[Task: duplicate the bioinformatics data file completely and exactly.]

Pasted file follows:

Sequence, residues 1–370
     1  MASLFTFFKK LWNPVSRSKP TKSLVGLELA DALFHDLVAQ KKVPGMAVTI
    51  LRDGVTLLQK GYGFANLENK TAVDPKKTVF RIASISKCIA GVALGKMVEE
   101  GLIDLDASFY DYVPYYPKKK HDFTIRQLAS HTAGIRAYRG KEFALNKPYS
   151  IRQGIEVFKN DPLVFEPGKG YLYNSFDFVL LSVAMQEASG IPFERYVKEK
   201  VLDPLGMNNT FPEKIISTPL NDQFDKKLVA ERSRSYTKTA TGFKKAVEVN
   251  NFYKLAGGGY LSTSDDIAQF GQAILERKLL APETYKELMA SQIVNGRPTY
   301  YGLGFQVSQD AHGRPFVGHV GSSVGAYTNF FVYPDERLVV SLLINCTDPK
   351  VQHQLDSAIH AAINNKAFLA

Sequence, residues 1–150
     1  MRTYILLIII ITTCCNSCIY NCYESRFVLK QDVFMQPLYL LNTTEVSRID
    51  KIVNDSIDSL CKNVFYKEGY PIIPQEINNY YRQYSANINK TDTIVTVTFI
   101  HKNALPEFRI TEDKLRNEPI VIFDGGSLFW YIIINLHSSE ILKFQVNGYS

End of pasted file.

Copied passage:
Sequence, residues 1–370
     1  MASLFTFFKK LWNPVSRSKP TKSLVGLELA DALFHDLVAQ KKVPGMAVTI
    51  LRDGVTLLQK GYGFANLENK TAVDPKKTVF RIASISKCIA GVALGKMVEE
   101  GLIDLDASFY DYVPYYPKKK HDFTIRQLAS HTAGIRAYRG KEFALNKPYS
   151  IRQGIEVFKN DPLVFEPGKG YLYNSFDFVL LSVAMQEASG IPFERYVKEK
   201  VLDPLGMNNT FPEKIISTPL NDQFDKKLVA ERSRSYTKTA TGFKKAVEVN
   251  NFYKLAGGGY LSTSDDIAQF GQAILERKLL APETYKELMA SQIVNGRPTY
   301  YGLGFQVSQD AHGRPFVGHV GSSVGAYTNF FVYPDERLVV SLLINCTDPK
   351  VQHQLDSAIH AAINNKAFLA

Sequence, residues 1–150
     1  MRTYILLIII ITTCCNSCIY NCYESRFVLK QDVFMQPLYL LNTTEVSRID
    51  KIVNDSIDSL CKNVFYKEGY PIIPQEINNY YRQYSANINK TDTIVTVTFI
   101  HKNALPEFRI TEDKLRNEPI VIFDGGSLFW YIIINLHSSE ILKFQVNGYS